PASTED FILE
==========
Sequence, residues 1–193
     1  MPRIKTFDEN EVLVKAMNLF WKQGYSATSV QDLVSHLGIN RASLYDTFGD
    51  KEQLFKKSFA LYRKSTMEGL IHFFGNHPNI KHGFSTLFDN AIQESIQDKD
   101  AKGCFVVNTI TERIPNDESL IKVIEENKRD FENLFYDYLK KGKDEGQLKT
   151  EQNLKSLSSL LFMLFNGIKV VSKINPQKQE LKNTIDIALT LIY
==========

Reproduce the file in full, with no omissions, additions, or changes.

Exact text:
Sequence, residues 1–193
     1  MPRIKTFDEN EVLVKAMNLF WKQGYSATSV QDLVSHLGIN RASLYDTFGD
    51  KEQLFKKSFA LYRKSTMEGL IHFFGNHPNI KHGFSTLFDN AIQESIQDKD
   101  AKGCFVVNTI TERIPNDESL IKVIEENKRD FENLFYDYLK KGKDEGQLKT
   151  EQNLKSLSSL LFMLFNGIKV VSKINPQKQE LKNTIDIALT LIY